As Trump ponders Paris Climate Agreement, here are 3 environmental crises happening now

AP

President Donald Trump could announce his long-awaited final decision on whether or not to pull the U.S. out of the Paris Agreement on climate change any day now.

The landmark environmental accord signed on April 22, 2016, by representatives from 174 countries went into effect on Nov. 4, four days before Trump won the presidential election.

Trump's tenuous position on the Paris Agreements has left its status in limbo ever since.

Since his tweet Saturday, reform advocates and opponents have weighed in, blitzing Capitol Hill with last-minute lobbying efforts.

Meanwhile newly unveiled research shows the growing effects of climate change are even more dire than many scientists initially suspected. Some of the repercussions are already irreversible.

It seems the stakes couldn't be much higher for the global scientific community or the planet. Here are a few reasons why.

Australia's Great Barrier Reef in 2016.Source: Randy Bergmann/AP
Australia's Great Barrier Reef in 2016.  Randy Bergmann/AP

The Great Barrier Reef is dying and probably can't be saved

Australia's once colorful and vibrant Great Barrier Reef is getting paler and dying faster than initially suspected, and new research reveals there's likely no way to save it now.

A 2016 survey study found up to 95% of the Barrier Reef had experienced bleaching related to warming water temperatures, according to the Telegraph.

Bleaching of the Reef's shallow water coral was at 67%, the study found. The Arc Center of Excellence called the findings the "largest die off of corals ever recorded."

Experts hired by the Australian government to help save the reef are now settling for conserving its "ecological function," the Telegraph reported.

"In our lifetime and on our watch, substantial areas of the Great Barrier Reef and the surrounding ecosystems are experiencing major long-term damage which may be irreversible unless action is taken now," the experts wrote in a May 5 statement

"The planet has changed in a way that science informs us is unprecedented in human history."

The Svalbard Global Seed Vault on Norway's island of Spitsbergen stores thousands of seed packets in case of a global catastrophe.Source: Heiko Junge/Getty Images
The Svalbard Global Seed Vault on Norway's island of Spitsbergen stores thousands of seed packets in case of a global catastrophe.  Heiko Junge/Getty Images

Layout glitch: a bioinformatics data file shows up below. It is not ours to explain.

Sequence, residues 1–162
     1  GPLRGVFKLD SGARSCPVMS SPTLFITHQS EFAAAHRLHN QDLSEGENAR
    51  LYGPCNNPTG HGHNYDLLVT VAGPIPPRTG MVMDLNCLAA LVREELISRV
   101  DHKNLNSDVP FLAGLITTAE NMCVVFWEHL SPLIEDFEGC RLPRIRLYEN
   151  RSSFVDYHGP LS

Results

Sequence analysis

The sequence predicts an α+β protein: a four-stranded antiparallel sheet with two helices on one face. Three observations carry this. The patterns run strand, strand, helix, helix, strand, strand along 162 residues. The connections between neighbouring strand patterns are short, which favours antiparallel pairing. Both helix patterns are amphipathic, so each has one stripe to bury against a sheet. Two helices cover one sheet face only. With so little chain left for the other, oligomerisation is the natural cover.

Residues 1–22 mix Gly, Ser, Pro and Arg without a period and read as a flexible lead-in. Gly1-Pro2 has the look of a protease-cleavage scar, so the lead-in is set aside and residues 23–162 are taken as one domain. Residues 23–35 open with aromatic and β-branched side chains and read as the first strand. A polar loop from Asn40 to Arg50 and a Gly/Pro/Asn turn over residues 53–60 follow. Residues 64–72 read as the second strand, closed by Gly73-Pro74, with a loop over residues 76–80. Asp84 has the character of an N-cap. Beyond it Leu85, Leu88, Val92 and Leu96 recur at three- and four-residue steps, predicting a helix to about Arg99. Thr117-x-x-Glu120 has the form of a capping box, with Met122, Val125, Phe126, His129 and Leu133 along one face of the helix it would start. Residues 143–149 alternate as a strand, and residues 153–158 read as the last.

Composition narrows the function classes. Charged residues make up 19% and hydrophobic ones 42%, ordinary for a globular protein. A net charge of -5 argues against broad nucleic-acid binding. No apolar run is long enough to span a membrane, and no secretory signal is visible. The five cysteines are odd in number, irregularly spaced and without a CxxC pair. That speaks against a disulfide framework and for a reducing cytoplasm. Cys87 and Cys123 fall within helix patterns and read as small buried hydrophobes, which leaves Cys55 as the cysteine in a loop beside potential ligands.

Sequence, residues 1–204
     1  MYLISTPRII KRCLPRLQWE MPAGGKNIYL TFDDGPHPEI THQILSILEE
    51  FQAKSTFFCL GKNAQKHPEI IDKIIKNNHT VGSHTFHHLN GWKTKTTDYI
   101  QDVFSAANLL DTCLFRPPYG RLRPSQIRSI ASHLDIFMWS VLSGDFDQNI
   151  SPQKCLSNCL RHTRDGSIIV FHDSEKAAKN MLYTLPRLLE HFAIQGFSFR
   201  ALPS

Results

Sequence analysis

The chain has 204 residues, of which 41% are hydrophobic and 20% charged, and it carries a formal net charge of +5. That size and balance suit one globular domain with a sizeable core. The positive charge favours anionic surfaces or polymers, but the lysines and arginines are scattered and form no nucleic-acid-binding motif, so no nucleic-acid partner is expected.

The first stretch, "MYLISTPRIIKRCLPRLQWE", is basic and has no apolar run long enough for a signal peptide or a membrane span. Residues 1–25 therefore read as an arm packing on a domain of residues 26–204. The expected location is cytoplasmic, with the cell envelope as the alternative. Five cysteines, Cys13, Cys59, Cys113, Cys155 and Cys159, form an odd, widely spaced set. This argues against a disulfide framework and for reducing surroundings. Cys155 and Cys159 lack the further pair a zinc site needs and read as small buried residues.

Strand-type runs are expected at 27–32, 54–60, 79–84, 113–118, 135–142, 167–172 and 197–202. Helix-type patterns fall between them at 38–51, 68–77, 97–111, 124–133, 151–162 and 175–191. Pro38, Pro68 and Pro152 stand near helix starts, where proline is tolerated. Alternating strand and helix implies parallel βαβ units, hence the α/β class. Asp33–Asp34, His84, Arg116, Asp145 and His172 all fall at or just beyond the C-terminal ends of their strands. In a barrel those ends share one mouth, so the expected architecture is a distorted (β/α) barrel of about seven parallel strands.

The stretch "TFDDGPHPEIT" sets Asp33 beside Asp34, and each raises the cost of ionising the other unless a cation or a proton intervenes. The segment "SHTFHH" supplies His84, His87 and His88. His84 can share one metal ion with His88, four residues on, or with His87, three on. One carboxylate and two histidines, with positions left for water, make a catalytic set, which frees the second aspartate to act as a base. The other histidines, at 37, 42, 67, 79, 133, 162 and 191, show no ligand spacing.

Our arctic doomsday vault just got flooded

Recent reports from the Svalbard Global Seed Vault on Norway's island of Spitsbergen revealed climate change-related rising arctic temperatures have melted permafrost surrounding the facility, causing water to seep in.

The formerly impregnable doomsday vault was built in an abandoned coal mine to preserve seed packets for nearly 1 million of the world's plant species, protecting humanity's food supply if an apocalyptic disaster ever occurs.

Scientists told reporters in May that the seeds weren't damaged by the flooding, but the vault's integrity going forward may be threatened by the effects of increasing climate change.

"A lot of water went into the start of the tunnel and then it froze to ice, so it was like a glacier when you went in," Norwegian government official Hege Njaa Aschim told the Guardian.

"It was supposed to [operate] without the help of humans, but now we are watching the seed vault 24 hours a day," she added. "We must see what we can do to minimize all the risks and make sure the seed bank can take care of itself."

People walk under the hot sun in Tokyo, the world's most densely populated city, which has been designated a heat island.Source: Junji Kurokawa/AP
People walk under the hot sun in Tokyo, the world's most densely populated city, which has been designated a heat island.  Junji Kurokawa/AP

The "heat island" effect

A new study in the journal of Nature Climate Change released Monday reveals climate change-related costs could be twice as much in the world's most populous cities, thanks to the heat island effect.

The EPA defines heat islands as "zones of relative warmth created by urban air and surface temperatures that are higher than those of nearby rural areas."

In major metropolitan areas like Tokyo and New York — where trees, grass and wetlands are routinely replaced with paved roads and buildings — the cooling effects of natural shade is reduced and water evaporation from soil and leaves is increased.

Combined with the heat island effect, climate change could raise temperatures by 14.4 Fahrenheit, forcing cities and companies to pay more for cooling-related energy costs, the study's authors concluded, according to Science Daily.

Dealing with related air and water quality reduction will also cost more.

"We show that city-level adaptation strategies to limit local warming have important economic net benefits for almost all cities around the world," the authors wrote.